Unkar Group

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Unkar Group
Stratigraphic range: Meso-Proterozoic, between 1,254 and 1,100 Ma
Comanche Point, on the South Rim of the Grand Canyon.jpg
Reddish Dox Formation below Cardenas Basalt, upstream from Tanner Graben
Type Geological formation
Unit of Grand Canyon Supergroup
Sub-units Bass Formation, Hakatai Shale, Shinumo Quartzite, Dox Formation, and Cardenas Basalt
Underlies Nankoweap Formation and, as part of the Great Unconformity, the Tapeats Sandstone
Overlies Vishnu Basement Rocks
Area Arizona, east Grand Canyon, Lava Butte region, on Colorado River, near Lipan Point
Thickness 5,200 feet (1,600 m) to 7,200 feet (2,200 m)
Lithology
Primary sandstone, siltstone, shale, and basaltic volcanic rocks
Other dolomite and limestone
Location
Region northcentral Arizona into southcentral Utah in the subsurface
Country United States of America
Type section
Named for Unkar Valley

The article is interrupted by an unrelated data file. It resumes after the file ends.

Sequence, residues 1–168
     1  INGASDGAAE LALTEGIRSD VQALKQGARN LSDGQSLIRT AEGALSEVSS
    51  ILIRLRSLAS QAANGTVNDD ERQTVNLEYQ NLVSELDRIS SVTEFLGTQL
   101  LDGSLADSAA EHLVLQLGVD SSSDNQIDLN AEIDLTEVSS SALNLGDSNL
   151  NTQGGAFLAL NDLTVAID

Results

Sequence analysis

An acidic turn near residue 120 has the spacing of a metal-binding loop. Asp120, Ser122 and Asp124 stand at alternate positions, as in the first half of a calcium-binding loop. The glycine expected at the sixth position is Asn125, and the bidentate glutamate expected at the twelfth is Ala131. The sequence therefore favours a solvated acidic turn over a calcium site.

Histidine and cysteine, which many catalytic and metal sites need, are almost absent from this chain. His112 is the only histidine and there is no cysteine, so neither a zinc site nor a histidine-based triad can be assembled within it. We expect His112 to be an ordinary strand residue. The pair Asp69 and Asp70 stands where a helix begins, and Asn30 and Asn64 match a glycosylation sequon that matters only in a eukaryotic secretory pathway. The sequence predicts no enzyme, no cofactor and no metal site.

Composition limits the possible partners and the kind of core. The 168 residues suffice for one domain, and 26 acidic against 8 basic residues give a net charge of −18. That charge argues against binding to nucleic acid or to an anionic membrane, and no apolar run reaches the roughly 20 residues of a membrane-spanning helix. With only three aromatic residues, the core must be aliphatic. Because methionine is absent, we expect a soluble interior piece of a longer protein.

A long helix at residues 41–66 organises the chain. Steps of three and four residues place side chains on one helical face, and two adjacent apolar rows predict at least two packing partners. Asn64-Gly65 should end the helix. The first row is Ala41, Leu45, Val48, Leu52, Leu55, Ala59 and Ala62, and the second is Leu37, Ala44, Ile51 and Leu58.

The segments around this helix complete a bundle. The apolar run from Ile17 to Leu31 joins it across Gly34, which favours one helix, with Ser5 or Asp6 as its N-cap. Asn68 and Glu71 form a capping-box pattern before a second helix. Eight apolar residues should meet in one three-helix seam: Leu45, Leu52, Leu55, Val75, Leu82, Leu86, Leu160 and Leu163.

Named by Walcott (1894)[1] and Noble (1910, 1914)[2][3]
View due-north, from Lipan Point, East Rim:
Lava Butte, Temple Butte, Cardenas Basalt, Dox Formation, Palisades of the Desert-(on East Rim), etc. on Colorado River.

The Unkar Group is a sequence of strata of Proterozoic age that are subdivided into five geologic formations and exposed within the Grand Canyon, Arizona, USA. It is about 1,600 to 2,200 m (5,200 ft to 7,200 ft) thick and composed, in ascending order, of the Bass Formation, Hakatai Shale, Shinumo Quartzite, Dox Formation, and Cardenas Basalt. It accumulated approximately between 1250 and 1104 Ma (1,104 million years ago, 1.1 billion). In ascending order, the Unkar Group is overlain by the Nankoweap Formation, about 113 to 150 m (371 to 490 ft) thick; the Chuar Group, about 1,900 m (6,200 ft) thick; and the Sixtymile Formation, about 60 m (200 ft) thick. The Nankoweap and Sixtymile formations together with the Chuar and Unkar groups comprise the Grand Canyon Supergroup.[4][5][6]